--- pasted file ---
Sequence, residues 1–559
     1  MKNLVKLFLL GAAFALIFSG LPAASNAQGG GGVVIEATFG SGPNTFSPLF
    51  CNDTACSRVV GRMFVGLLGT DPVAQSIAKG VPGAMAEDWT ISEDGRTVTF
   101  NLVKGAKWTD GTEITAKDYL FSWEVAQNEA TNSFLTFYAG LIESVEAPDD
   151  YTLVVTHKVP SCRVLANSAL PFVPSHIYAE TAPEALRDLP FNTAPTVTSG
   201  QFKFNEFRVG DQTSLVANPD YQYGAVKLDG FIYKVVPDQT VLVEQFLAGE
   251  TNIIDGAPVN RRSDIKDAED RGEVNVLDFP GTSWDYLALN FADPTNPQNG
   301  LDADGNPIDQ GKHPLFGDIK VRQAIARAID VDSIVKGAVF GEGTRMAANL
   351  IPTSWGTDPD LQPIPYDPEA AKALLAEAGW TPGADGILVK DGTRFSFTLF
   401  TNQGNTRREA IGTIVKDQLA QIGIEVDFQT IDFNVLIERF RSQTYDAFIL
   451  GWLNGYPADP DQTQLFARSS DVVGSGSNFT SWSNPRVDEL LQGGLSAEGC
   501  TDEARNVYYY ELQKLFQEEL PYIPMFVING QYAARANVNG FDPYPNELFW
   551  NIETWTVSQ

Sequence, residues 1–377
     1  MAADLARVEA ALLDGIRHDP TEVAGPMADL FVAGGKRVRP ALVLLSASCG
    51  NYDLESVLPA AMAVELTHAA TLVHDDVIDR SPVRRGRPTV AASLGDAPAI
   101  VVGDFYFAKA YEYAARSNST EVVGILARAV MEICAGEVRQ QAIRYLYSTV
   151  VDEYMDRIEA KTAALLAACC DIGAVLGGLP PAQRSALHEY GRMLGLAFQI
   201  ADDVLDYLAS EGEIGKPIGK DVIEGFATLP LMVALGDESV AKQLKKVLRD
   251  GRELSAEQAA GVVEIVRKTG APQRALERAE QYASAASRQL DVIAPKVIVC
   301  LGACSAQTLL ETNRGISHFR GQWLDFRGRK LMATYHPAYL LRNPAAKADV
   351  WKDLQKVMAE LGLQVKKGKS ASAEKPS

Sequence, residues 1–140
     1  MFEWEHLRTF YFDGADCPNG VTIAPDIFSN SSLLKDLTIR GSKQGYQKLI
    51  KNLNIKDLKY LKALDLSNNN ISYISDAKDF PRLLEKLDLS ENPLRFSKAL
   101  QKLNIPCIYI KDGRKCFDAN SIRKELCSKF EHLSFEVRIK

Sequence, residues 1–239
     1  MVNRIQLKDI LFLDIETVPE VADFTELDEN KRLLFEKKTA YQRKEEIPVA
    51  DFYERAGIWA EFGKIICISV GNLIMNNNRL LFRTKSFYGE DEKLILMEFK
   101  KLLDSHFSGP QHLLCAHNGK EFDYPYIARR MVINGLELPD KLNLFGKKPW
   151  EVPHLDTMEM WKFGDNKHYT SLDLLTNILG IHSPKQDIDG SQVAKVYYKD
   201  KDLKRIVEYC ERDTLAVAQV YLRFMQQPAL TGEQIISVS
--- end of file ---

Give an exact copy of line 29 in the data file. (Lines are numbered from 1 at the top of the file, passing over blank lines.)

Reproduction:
    51  DFYERAGIWA EFGKIICISV GNLIMNNNRL LFRTKSFYGE DEKLILMEFK